If you haven't done the base units yet, they are a snap to level. Make sure you've got a nice LONG screwdriver or other rigid tool that can be inserted into the little holes in the bottom of the adjustable feet so you can turn them to adjust the back ones with the cabinet in place. Having two people, one to watch the level and the other (the one with longer arms!) to lay on the floor with a flashlight and adjust the feet, makes it really quite straight forward. MUCH easier
than using copious shims etc.
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Last edited by Tigratrus; Dec 28th, 11 at 10:39 am..
We finished the rail today, after a lot of shims. We also hung all the cabinets in that run, the first two had a gap at the bottom but not at the top (weird?) but we used a clamp and were able to align them just fine. The other 3 seem to almost be aligned already, even without clamps or adjustments. We still need to screw 2 cover panels in that run, then clamp and align, and screw all of them together.
Oh, and I guess we have to cut a piece on the cover panels because of the rail?
Do we line those cover panels with the back of the cabinet?
And we ended up with a gap from about 1 1/2 in to about 2 in. at the top. I recheck the rail and it was hung (from the lowest point in the soffit) somewhere between 3 1/4 - 3 1/2 in. So the soffit was uneven in all directions. The gap does not look that noticeable or too bad. So the plan now is to install deco strip vertically. I wonder if that would look ok, given the slope of the gap....
And the bad thing is that it looks like we'll end up with about 15 in space between countertop and wall cabinet. But there's not much we can do about that, I guess.
The reasoning for not doing floating floor under cabinets was that in the kitchen planning forum, some people said not put them under cabinets because floor needs to expand, and if it needed to be replaced, it would be easier to do so if they were not under cabinets.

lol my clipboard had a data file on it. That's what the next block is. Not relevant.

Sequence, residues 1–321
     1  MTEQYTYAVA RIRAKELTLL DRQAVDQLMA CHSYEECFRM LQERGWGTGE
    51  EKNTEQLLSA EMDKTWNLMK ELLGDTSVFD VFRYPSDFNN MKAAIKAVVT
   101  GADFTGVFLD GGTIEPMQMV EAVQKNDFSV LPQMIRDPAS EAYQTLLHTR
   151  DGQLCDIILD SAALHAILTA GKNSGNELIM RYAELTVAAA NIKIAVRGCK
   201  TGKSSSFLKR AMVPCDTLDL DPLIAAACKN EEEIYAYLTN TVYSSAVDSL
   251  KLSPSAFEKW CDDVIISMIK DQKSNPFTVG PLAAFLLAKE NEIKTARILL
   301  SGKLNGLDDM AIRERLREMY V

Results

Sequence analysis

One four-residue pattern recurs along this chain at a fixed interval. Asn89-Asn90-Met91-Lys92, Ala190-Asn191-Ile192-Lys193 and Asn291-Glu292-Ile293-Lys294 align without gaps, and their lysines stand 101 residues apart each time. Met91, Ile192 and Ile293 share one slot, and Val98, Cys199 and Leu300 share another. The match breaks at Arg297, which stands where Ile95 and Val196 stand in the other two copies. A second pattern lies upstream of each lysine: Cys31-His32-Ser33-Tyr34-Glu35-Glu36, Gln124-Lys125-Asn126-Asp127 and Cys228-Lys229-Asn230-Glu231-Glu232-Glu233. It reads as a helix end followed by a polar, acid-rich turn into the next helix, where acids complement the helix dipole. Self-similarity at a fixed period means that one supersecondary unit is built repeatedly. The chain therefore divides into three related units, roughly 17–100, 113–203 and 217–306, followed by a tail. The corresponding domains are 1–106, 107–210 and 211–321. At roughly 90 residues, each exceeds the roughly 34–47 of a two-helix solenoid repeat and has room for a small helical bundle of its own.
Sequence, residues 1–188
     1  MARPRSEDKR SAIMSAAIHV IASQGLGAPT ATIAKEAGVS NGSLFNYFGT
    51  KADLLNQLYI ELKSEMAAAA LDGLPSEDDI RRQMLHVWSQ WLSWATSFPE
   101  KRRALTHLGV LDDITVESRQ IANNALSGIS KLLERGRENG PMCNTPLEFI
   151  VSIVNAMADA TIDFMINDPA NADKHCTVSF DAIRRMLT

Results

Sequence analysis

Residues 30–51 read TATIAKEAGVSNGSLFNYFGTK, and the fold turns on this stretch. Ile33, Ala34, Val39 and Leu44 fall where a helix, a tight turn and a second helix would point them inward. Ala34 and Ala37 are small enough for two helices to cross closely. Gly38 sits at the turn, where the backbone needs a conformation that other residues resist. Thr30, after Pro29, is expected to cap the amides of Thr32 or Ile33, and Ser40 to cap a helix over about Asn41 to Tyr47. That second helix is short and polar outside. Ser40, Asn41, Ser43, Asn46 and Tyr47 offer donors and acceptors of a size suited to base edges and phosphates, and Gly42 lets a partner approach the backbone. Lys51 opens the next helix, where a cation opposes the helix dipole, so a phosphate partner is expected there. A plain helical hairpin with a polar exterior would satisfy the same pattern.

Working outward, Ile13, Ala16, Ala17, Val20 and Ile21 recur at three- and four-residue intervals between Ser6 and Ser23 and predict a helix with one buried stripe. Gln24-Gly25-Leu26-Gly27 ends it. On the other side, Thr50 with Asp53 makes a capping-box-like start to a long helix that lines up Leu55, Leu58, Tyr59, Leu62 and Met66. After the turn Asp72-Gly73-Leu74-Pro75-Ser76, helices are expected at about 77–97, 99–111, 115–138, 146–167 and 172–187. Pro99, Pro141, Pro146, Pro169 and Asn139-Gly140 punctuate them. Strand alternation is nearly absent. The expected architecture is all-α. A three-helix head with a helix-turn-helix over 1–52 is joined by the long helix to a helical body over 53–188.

We have not done base cabinets yet, we are just getting done with this wall which has the most wall cabinets, then we have 2 more walls and then the floor, then the base cabinets, enclose the refrigerator and a pantry.
But we could not be doing this without everyone's help here, I am very thankful!
I'll jump in here. This is the best way we have found to fill the gap between the wall cabinet and the ceiling. It may not work in your case.
If the ceiling is relatively flat, we push the cabinets to the ceiling and the shadow line of the deco strip will deal with about a 1/4" variation. As Chuck pointed out, you can also clauk that gap if it really bothers you.
If the ceiling varies by more than a 1/4", you can use this trick shown below. The deco goes tight to the ceiling, then you scribe a piece of toekick to match the gap. It may require you to lower the wall cabinets for this to work since you really can scribe a thin piece of toekick.
In this kitchen, it worked well and looked pretty good. I didn't like the two-tone veener of the toekick but we didn't have a choice. It was not as noticeable in real life.
, check with the manufacturer with the flooring. Some specifically says not to put their floating floor under the cabinets. I once had a conversation with an engineer at one company regarding this. He specifically told me not to put it under the cabinets. I explained how the IKEA cabinets had floating toekicks and the floor was only trapped under the four legs. He claimed it need to expand. I asked how it would expand when it was trapped under a 250 lb range or a 350 lb frig. He said "I'll have to get back to you on that". I'm still waiting...